Brief History of the Oakdale Civic Assoc.
How it all started
In 1989, the owner of 127 acres of wetlands in Oakdale wanted to develop his land. He proposed a development that included 142 houses, 142 boat slips and a sewage treatment plant known as “
Bay.” Oakdale resident Len Dricks gathered some of the residents together and they formed the Oakdale Civic Association. (OCA) which was officially established as the Oakdale Civic Association LTD on November 8, 1989 as a Domestic Not-For-Profit Corporation. At that time, Len Dricks became President, Cliff Rieser the Vice President, Hal Johansen was the Treasurer, and Ginny Fields became the Secretary. The group met monthly at the Connetquot Public Library. “Minutemen” and “Minutewomen” were designated to alert all of our neighbors when public meetings were being held, and a small group began preparing for the meeting with the Islip Town Planning Board. The group researched the impacts of such a development on taxes, schools, traffic, pollution, and zoning, and presented such a good argument at Town Hall that the Board turned down the applicant. However, the fight continued and the developer began litigation against the Town.
Five years later, Len moved to
North Carolina and Bob Vetter assumed the role of President for the next two years. The group awaited the next proposal by the developer. While the OCA worked trying to get the property acquired and on building the organization, the Board changed somewhat. From 1997-1998, Stan Feldman became the President and the meeting place moved from the Connetquot Library in
Bohemia to the
Mansion at what is now
University in Oakdale. In our 10th year in 1999, Ginny Fields was elected President. Also on the board in 1999 were John Schmitt as Vice President, Sandy Robinson as Recording Secretary, Denise Harris as Corresponding Secretary, and Stan Feldman as Treasurer.
Over the ten years between 1989 and 1999, the OCA gathered grassroots partners, government leaders and organizations who supported our proposal to have the land purchased by the State and preserved forever in its natural state. Finally on New Year’s Eve in 1998, the New York State Department of Conservation sent a letter to the owner of the property offering to purchase it. Then, on the last Earth Day of the century – April 22, 1999 - New York Governor George Pataki came to Oakdale to announce the acquisition of “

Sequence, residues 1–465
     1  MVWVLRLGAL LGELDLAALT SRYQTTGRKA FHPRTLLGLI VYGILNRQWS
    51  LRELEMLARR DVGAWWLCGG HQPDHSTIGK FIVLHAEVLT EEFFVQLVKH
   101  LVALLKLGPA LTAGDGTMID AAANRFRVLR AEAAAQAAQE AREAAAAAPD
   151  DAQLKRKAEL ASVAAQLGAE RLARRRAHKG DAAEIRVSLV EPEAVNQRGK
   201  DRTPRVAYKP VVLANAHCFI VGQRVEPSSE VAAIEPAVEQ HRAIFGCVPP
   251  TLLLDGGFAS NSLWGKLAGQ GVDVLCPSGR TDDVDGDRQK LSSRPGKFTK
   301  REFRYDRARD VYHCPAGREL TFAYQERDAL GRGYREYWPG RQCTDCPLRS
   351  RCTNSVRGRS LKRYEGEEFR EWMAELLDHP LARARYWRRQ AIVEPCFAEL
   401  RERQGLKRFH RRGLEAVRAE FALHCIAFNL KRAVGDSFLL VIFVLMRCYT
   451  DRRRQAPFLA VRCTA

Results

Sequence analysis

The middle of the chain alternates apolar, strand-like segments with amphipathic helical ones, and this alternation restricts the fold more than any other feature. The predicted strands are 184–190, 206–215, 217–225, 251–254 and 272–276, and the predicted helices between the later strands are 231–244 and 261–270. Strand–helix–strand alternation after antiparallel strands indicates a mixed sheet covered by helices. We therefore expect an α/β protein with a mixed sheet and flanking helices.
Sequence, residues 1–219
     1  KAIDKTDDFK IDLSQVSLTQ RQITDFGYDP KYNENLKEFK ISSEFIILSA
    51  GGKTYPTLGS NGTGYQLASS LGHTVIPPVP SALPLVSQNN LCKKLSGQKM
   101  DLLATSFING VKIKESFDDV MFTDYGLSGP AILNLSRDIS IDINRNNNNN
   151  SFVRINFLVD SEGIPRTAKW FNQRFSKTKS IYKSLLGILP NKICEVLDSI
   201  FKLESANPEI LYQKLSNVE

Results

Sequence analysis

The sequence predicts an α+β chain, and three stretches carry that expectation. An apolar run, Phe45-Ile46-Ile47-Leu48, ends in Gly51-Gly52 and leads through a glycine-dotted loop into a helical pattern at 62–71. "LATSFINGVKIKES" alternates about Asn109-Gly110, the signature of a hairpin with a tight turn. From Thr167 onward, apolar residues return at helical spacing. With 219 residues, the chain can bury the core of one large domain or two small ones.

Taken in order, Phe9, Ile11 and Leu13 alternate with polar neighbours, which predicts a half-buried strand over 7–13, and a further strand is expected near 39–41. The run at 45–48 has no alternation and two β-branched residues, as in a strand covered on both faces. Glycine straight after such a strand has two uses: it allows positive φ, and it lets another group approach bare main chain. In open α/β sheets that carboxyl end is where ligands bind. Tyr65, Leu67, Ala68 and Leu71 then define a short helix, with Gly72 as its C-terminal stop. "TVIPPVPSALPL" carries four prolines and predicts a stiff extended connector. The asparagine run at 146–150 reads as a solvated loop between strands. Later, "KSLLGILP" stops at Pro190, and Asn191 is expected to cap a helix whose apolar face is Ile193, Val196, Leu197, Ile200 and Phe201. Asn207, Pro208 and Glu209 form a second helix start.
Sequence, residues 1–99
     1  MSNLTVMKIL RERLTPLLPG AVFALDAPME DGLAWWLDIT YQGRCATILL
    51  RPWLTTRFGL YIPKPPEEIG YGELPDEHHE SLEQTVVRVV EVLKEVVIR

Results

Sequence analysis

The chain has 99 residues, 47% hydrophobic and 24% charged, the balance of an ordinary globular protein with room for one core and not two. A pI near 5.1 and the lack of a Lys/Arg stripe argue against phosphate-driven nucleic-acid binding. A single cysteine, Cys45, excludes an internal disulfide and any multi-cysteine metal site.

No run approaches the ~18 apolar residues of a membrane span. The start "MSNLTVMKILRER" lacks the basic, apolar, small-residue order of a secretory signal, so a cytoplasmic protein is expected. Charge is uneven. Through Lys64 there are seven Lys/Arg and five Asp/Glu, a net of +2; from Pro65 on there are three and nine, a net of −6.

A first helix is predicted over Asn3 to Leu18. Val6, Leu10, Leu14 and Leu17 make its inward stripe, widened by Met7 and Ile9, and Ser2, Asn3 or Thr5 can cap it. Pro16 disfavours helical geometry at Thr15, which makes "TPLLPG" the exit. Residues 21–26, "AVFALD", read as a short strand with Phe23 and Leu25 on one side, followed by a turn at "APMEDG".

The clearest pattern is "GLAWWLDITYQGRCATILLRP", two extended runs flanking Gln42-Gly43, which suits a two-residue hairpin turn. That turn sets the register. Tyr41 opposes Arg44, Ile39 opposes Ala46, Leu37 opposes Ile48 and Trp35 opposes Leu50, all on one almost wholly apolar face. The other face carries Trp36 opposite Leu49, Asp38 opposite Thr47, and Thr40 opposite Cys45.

Bay” by the State, to preserve it forever. This land was subsequently designated as a protected wetland area, and is now managed by the New York State Department of Environmental Conservation.
Since that time, the Oakdale Civic Association has continued to evolve and to work on issues that unite the residents of the hamlet of Oakdale and that are pertinent to our quality of life. Strong lines of communication are maintained with the Oakdale Chamber of Commerce, Oakdale Improvement Society, Idle Hour Civic Association,
School District, sister associations in neighboring communities, and with local government on Town, County and State levels.
Members of the Oakdale Civic Association and it's Board of Directors represent the interests of Oakdale residents at key meetings along with other organizations.
The OCA continues to serve as a forum for the discussion of topics that are important to Oakdale residents
including residential and commercial development proposals, safety, history taxes, and beautification.
The OCA regularly has guest speakers at their monthly meetings that present information on key topics relevant to the residents.
The driving factor in the strength of the OCA and its ability to drive positive change continues to lie with its residents. Recently, we initiated a web site that will ultimately make the OCA more accessible, and its mission clearer to the community. It will also provide a central location for the posting of current topics of interest. All Oakdale residents are encouraged to take an interest in the issues that affect them and come to the meetings and join in the discussions. It’s your Hamlet of Oakdale.
Have a voice in its future.